Journalists, religious leaders and human rights activists gathered at UNESCO’s Paris headquarters one week after the Charlie Hebdo massacre. The event – ‘Journalism After Charlie‘ – focused on the increasing incidence of violence against journalists and the need to reinforce respect for diversity and freedom of expression. Julie Posetti was there.
UNESCO director general Irina Bokova opened the event by reading out the names of the 17 victims of the Paris terrorism attacks. “The attack against#CharlieHebdo was an attack on freedom of expression whose flagbearers are journalists,” she said.
Le Monde’s cartoonist Plantu told the packed grand hall, “All the cartoonists in the world are able to make bridges with the other religions and nations and views… We must continue. It’s our job.”
By the time the UNESCO meeting began, the first edition of Charlie Hebdo to hit the streets since the terrorist attacks had already sold out. Seven hundred thousand copies from the initial print-run disappeared within 10 minutes early that morning, and over four million more copies were printed as a result.
Rising threats faced by journalists
The rising threat to the safety of journalists in a globalised media landscape, including beyond conflict zones, begs the questions: How should the international community respond to enhance journalists’ safety and end impunity? What is the role of journalists in these circumstances? How can we maintain free media? And what’s the role of new media in all of this?
These were the key questions considered by journalists and NGO representatives on a panel that followed Plantu’s address.
Newsweek‘s Middle East editor, Janine Di Giovanni told the gathering: “The events of last week were horrible. To journalists and the entire community. Maybe it was a wake-up call to all of us? We need protection. I need to ask all of you how can you help me to keep doing my job?”
“It all came to a head for me in September when my dear colleague Steven Sotloff was brutally murdered. I can’t write any more obituaries. It’s just too painful.”
But Pen International’s John Ralston Saul reminded the audience that, “The vast majority of journalists killed each year are not being killed by Islamists. The major problem for us is impunity. There are many countries were journalists are imprisoned and there is an impunity problem where it shouldn’t be… (in places like) Russia and Mexico.”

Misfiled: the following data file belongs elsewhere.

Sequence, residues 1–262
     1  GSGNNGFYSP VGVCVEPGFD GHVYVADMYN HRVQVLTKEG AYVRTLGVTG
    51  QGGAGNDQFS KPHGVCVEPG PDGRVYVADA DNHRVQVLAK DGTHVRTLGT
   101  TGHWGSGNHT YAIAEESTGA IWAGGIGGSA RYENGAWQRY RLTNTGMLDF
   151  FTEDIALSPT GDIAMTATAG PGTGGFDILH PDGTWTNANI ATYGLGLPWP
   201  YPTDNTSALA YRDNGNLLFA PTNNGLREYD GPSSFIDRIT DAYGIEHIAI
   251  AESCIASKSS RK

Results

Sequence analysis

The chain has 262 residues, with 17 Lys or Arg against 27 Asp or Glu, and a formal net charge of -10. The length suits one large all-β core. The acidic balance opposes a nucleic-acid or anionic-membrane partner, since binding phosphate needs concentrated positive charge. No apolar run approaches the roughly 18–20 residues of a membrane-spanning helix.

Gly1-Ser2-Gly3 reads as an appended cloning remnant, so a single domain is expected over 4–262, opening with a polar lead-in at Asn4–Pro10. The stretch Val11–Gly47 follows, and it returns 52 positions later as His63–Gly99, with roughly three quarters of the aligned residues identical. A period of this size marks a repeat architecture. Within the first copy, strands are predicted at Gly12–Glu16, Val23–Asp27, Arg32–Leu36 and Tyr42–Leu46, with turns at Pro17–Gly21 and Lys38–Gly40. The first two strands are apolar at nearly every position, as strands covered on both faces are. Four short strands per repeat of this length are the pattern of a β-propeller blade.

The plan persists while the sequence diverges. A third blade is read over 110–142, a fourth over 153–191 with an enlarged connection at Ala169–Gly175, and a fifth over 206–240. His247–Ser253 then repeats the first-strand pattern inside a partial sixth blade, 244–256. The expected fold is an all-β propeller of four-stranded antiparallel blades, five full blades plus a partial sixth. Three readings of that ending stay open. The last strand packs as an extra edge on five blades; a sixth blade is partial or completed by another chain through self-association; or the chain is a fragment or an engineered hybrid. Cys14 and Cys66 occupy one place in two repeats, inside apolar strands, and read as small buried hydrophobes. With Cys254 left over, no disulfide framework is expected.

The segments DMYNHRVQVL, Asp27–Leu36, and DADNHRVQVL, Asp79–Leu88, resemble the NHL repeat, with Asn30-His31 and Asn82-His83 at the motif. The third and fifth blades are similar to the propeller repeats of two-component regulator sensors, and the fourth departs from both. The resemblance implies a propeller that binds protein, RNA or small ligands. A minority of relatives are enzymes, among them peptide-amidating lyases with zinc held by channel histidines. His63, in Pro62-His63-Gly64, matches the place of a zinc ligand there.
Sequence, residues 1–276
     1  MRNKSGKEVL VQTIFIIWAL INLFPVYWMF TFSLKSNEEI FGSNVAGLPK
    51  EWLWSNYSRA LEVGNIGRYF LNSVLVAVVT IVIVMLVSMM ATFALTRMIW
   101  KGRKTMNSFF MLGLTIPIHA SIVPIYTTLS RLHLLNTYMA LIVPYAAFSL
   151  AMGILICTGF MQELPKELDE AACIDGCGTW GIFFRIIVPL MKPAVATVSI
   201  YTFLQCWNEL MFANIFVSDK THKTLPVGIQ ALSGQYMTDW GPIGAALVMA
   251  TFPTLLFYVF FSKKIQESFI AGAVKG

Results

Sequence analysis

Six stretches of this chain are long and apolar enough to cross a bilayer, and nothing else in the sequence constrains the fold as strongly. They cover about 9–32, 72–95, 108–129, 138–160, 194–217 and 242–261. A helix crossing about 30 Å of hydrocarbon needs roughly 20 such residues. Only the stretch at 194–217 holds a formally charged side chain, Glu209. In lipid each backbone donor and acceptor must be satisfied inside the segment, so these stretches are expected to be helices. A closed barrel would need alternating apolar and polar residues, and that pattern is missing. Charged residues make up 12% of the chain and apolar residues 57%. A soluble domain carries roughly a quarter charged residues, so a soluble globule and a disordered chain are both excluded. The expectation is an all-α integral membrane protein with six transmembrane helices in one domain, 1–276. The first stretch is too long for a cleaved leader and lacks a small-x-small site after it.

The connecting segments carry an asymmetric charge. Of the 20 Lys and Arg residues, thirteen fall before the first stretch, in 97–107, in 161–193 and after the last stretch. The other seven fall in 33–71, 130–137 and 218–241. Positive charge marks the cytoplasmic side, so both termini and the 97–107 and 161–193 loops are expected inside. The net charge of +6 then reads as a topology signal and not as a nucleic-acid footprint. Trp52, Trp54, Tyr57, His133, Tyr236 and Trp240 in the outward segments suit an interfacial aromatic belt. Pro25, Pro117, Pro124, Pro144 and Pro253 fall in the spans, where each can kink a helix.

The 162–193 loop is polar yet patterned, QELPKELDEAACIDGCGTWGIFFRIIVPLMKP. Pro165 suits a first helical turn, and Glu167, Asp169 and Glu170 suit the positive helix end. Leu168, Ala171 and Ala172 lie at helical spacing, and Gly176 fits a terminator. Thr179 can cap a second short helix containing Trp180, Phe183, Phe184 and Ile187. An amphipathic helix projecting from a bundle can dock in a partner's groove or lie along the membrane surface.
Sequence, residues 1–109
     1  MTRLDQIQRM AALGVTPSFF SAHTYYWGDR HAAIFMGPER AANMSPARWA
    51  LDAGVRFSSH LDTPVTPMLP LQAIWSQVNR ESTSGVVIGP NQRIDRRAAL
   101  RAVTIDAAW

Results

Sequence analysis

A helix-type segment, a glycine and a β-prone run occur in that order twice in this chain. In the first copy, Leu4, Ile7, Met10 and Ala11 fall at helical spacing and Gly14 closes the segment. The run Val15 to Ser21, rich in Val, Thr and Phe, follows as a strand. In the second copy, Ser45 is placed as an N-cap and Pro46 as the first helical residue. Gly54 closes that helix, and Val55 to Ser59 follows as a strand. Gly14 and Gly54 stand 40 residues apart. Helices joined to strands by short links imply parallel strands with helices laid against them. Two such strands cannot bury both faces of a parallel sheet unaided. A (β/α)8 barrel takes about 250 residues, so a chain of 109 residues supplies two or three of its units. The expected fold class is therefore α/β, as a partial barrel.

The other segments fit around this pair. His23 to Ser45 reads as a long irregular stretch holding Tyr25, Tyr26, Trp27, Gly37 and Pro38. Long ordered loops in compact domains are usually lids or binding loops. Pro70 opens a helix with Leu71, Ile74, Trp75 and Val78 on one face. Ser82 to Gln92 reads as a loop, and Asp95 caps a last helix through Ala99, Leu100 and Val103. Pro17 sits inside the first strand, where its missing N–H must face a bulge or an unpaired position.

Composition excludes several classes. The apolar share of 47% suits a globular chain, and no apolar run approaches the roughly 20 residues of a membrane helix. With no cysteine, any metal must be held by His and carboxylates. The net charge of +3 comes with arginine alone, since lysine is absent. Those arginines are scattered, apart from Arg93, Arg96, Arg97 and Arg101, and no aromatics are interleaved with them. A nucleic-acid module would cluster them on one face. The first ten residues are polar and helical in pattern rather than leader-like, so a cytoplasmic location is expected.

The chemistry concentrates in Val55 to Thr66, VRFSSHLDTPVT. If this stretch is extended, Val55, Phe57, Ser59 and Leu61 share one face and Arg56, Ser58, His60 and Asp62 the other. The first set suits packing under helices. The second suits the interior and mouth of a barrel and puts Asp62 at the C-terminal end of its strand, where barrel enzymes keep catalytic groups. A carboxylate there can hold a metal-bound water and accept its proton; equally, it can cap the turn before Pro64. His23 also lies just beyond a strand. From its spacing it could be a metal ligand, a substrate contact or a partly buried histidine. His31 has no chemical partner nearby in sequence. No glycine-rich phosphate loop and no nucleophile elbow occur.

He also challenged, “Last Sunday we saw a march where many leaders whose countries imprison journalists were present. Well, what are they doing at home?! Did they just come for a walk?”
That was a point echoed by Ernest Sagaga from the International Federation of Journalists. “What happened in Paris last week was the worst in Europe, not the world. Last year in Mexico a journalist was killed live as he was presenting his programme on the radio.”
“What did surprise me that this happened at journalist office that’s been attacked in the past. When I heard how many people were killed, I was surprised,” Sagaga said.
Ralston Saul also pointed to the risks to press freedom associated by government’s wanting to look tough on terrorism in the aftermath of the Paris attacks. “I get very worried when we start declaring ‘war’. The war on terror hasn’t worked. The security services take power. They will start taking over freedoms and rights. It’s a trap. The easiest way to show that you’re doing something is to limit freedom of expression.”
What is to be done?
Giovanni asked: “How do we implement practical solutions? Once a press card protected you. But now it means absolutely nothing. What practical steps can we take?” And Ralston Saul answered: “You go into these countries and then say ‘we’re going to ruin your reputation. It’s not about shouting at them it’s a matter of saying we are going to talk to our governments about you. All international organisations have become complicit. If we don’t act on Turkey, if we don’t act on Mexico, then it’s a message to the extremists that we’re just going to let it happen.”
While journalists on the panel talked about the need for boldness, Omar Belhouchet from Algeria’s El Watan newspaper said he would not put his journalists at risk by publishing Charlie Hebdo cartoons depicting the prophet Muhammad.
“I know my country and these are risks I won’t take with my own journalists. Secularism is a beautiful French invention. But in our societies many countries do not respect press freedom and when papers try to produce credible investigative journalism – even talk about religion – these news papers are clamped down on by states who are represented at UNESCO. In many North African countries and Arab States the (media) legislation is very repressive.”
Note: Julie Posetti liveblogged the #JOURNALISMAFTERCHARLIE event
Julie Posetti is a research fellow with the Paris-based World Association of Newspapers and News Publishers (WAN-IFRA) and the editor of WEF’s Trends in Newsrooms. This post was first published by the World Editors Forum on www.editorsweblog.org and is republished here with their kind permission.
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